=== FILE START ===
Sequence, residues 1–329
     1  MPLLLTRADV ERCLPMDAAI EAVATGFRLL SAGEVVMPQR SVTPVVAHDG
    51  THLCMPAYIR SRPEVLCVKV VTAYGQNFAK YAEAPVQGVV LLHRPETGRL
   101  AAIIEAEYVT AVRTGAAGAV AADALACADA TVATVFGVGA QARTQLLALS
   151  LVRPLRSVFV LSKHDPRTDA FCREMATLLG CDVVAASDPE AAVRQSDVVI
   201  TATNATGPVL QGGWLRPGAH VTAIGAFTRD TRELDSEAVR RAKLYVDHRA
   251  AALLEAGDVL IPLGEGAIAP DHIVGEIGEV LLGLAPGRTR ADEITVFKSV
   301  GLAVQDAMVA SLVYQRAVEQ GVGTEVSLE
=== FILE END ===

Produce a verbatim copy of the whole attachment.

Sequence, residues 1–329
     1  MPLLLTRADV ERCLPMDAAI EAVATGFRLL SAGEVVMPQR SVTPVVAHDG
    51  THLCMPAYIR SRPEVLCVKV VTAYGQNFAK YAEAPVQGVV LLHRPETGRL
   101  AAIIEAEYVT AVRTGAAGAV AADALACADA TVATVFGVGA QARTQLLALS
   151  LVRPLRSVFV LSKHDPRTDA FCREMATLLG CDVVAASDPE AAVRQSDVVI
   201  TATNATGPVL QGGWLRPGAH VTAIGAFTRD TRELDSEAVR RAKLYVDHRA
   251  AALLEAGDVL IPLGEGAIAP DHIVGEIGEV LLGLAPGRTR ADEITVFKSV
   301  GLAVQDAMVA SLVYQRAVEQ GVGTEVSLE